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Dendrochronology and radiocarbon dating have intertwined histories, she explains, with roots firmly planted at the UA.
A 1929 edition of National Geographic boasts, "The Secret Of The Southwest Solved By Talkative Tree Rings." The 35-page article, penned in whimsical prose, was written by Andrew Douglass, the UA scientist who invented tree ring science. In addition to his work as an astronomer at the UA's Steward Observatory, Douglass was the first to discover that tree rings record time.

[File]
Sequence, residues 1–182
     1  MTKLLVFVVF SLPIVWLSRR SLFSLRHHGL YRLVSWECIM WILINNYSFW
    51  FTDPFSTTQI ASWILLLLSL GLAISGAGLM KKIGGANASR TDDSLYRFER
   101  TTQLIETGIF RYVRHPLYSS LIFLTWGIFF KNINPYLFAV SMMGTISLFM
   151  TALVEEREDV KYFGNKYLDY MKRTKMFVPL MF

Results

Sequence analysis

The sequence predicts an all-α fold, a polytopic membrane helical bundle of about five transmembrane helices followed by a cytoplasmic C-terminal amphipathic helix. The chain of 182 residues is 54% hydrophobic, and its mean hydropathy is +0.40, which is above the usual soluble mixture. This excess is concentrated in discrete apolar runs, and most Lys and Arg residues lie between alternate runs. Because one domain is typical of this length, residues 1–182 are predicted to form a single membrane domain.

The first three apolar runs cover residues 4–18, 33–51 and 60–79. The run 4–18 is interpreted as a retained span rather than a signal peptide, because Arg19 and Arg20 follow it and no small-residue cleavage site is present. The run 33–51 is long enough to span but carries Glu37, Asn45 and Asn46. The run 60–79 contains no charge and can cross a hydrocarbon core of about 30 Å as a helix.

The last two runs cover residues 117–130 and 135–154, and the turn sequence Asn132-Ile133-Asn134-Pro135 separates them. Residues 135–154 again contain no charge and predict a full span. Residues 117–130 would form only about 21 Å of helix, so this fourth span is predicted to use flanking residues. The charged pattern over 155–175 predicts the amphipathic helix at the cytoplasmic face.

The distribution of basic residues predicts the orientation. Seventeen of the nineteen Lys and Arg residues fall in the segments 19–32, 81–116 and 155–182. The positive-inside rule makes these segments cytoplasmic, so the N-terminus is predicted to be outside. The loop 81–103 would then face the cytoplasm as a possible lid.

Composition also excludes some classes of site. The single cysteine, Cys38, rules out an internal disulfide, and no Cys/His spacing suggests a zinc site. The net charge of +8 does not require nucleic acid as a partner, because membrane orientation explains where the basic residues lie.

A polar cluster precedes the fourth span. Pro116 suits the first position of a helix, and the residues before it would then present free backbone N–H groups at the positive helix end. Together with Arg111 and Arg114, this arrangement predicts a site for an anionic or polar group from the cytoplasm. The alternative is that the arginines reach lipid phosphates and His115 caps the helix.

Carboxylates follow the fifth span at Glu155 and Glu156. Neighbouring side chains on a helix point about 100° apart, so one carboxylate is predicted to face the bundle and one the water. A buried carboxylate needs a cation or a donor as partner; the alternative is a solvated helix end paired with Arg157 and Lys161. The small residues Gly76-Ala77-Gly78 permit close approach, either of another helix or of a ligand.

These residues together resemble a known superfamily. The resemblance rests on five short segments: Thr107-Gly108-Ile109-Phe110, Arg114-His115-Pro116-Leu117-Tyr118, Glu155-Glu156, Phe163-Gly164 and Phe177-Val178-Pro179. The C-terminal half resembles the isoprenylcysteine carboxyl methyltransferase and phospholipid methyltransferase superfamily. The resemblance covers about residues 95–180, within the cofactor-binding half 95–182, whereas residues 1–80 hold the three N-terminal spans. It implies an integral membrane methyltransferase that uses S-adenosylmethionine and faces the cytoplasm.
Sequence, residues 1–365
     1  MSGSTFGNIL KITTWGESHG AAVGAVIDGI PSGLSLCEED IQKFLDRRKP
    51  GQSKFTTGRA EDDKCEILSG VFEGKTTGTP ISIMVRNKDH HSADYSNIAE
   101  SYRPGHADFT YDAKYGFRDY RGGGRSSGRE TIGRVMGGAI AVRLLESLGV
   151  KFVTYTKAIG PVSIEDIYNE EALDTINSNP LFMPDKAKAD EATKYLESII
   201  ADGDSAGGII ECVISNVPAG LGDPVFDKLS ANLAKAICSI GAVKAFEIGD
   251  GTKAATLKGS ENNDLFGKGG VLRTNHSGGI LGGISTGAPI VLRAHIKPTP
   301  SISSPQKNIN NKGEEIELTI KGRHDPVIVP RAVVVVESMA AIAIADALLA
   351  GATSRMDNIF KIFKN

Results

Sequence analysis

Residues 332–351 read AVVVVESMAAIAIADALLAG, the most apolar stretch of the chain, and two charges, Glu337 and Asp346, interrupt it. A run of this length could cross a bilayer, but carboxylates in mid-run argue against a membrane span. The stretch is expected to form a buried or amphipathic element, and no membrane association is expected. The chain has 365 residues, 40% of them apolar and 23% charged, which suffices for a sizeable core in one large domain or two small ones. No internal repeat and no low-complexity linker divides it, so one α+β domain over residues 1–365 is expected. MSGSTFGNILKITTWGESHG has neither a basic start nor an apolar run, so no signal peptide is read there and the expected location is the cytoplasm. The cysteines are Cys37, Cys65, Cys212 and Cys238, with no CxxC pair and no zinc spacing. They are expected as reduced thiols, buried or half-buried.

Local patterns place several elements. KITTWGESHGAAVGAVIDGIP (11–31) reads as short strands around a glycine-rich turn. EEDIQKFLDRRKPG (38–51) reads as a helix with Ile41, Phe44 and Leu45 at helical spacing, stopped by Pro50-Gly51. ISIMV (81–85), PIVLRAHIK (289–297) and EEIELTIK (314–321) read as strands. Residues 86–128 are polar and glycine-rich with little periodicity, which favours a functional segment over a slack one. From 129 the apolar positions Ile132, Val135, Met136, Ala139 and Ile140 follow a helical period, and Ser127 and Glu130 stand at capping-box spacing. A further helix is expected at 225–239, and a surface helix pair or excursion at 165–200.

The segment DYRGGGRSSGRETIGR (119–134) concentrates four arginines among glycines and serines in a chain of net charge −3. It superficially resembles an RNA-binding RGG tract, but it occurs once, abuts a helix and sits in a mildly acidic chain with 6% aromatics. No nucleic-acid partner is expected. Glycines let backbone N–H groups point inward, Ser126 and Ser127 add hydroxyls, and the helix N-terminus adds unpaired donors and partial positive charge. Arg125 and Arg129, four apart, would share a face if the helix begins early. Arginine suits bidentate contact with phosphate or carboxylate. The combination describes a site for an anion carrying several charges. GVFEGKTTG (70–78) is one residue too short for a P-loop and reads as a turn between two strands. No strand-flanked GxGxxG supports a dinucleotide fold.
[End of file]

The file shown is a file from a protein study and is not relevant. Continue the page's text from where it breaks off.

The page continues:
Most of the carbon in our world comes from long-dead stars, in the form of Carbon-12: carbon atoms containing six neutrons in their nucleus.In its most conventional form, dendrochronology works like this. They have no bias, and they have no political agenda; they just stand at locations all over the world," says Charlotte Pearson, an assistant professor of dendrochronology at the UA, studies samples under a microscope.A contemporary tree—that is, a tree that was either just cut down or still living—can tell you not just how many years it has lived, but which years in which it lived. Credit: credit: Mari Cleven But what if the wood is older?Radiocarbon dating provides the age of organic remains that overly glacial sediments. It was one of the earliest techniques to be developed, during the 1940s.
, and is so rare that only one-in-a-trillion carbon atoms are carbon-14.